So what are we doing to prepare our kids?

  • We’re talking with them and consulting them about our plans, so they don’t feel like everything is completely out of their control or that they are blind sided by decisions. The decision to home school, for instance, came easily for Ben and I, but we had to make sure that the kids were on board. My impression is that they are excited, even the ones who were reluctant in the beginning.
  • We’re showing them pictures of friends and family they will see so that it’s not a complete shock to meet unfamiliar people (to them, not to Ben and I.)
  • We’re planning to visit some of their former PNG friends/colleagues along the way so that not every single visit is a new encounter and those friends will know where we have come from.
  • We’re planning on significant ‘down’ time here and there, where it’s just us so that we can relax and not worry about being on our best behavior.
  • I’m planning on creating photo books for the younger kids of all of their favorite places and people here in PNG so that they have these to look at whenever they are sad and missing their home here.
  • We’ll create a scrapbook of our travels for the kids to remember all the fun places we’ll visit and wonderful people we will see.
  • We’re also talking about the fun food we will get to eat (grapes! cheese! Doritos! Portillos hot dogs!).
  • All of us are working on a ‘bucket list’ of things we want to do while in the U.S. (we might not get to everything but it’s a good way to find out what each of us values.)
  • We’re taking advantage of Wycliffe Connection, a program for our whole family, focused specifically on reentry. Some of our friends will be attending as well, which I think will make it very fun and relaxing!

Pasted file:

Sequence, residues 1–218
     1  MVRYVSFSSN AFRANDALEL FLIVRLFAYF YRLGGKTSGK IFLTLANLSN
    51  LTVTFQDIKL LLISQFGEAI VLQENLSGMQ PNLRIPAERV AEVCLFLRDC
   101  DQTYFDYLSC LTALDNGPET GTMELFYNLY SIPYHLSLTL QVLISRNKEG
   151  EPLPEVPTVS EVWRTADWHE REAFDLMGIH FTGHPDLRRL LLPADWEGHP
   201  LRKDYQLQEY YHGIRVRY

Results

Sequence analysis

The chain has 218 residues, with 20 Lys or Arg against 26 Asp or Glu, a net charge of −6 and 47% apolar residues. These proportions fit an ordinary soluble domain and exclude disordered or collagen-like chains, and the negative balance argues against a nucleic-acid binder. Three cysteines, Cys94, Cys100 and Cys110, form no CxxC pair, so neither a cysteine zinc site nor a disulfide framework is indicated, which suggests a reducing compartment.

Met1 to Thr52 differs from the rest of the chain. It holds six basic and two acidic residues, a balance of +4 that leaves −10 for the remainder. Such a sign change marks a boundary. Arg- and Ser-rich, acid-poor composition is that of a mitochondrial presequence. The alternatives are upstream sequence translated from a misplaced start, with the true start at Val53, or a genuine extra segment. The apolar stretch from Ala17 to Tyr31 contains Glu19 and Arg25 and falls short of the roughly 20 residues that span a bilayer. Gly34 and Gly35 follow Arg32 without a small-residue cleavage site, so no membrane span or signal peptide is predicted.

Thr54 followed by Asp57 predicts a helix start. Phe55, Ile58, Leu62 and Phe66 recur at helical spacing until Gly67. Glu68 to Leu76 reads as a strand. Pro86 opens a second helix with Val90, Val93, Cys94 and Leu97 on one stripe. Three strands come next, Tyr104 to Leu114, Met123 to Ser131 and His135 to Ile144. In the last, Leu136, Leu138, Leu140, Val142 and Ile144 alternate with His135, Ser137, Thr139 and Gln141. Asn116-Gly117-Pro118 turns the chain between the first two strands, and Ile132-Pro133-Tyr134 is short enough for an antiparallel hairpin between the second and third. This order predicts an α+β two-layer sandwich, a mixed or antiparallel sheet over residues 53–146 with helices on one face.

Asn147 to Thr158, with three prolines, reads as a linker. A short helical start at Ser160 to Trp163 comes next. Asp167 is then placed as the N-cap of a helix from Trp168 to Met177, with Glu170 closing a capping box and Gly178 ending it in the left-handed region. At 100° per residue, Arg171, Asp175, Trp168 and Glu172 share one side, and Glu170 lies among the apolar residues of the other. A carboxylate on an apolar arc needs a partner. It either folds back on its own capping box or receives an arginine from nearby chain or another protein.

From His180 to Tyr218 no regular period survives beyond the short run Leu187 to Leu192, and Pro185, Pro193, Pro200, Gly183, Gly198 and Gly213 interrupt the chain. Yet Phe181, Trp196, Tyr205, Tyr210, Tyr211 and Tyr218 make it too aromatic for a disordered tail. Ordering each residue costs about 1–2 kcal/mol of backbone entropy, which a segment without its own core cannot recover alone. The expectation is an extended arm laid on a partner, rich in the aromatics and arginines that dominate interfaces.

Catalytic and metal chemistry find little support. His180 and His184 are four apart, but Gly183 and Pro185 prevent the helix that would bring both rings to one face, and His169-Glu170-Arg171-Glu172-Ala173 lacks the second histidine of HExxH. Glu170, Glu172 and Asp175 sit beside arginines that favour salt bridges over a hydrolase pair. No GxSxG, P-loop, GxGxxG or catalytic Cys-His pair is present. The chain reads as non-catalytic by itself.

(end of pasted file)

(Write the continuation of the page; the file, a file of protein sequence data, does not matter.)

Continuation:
• We’re planning to have significant time with both sets of grandparents to strengthen those connections.

I hope that we will be able to be an example to our kids of trusting God and ask Him for wisdom for every small and large decision. We often use our family time to pray about the decisions we need to make, and we will continue ask God to show Himself to us in supernatural ways, rejoicing when He answers, as He did last week by providing all the money at one time that we needed for our return travel to the U.S.

As with most things in life, there are no set of rules or one good checklist that works for every family. There are just too many variables and too many different personalities to navigate. It all just boils down to the fact that we can’t plan enough ourselves or rely on our own wisdom for all of it. The only solution I can clearly see is just simply laid out in verses like this:

James 1:5-8 (NLT)
If you need wisdom, ask our generous God, and he will give it to you. He will not rebuke you for asking. But when you ask him, be sure that your faith is in God alone. Do not waver, for a person with divided loyalty is as unsettled as a wave of the sea that is blown and tossed by the wind. Such people should not expect to receive anything from the Lord. Their loyalty is divided between God and the world, and they are unstable in everything they do.

What about you? If you are planning a big transition for your kids, what kinds of things are helpful/useful to do? I’d love to hear comments if you have any to share!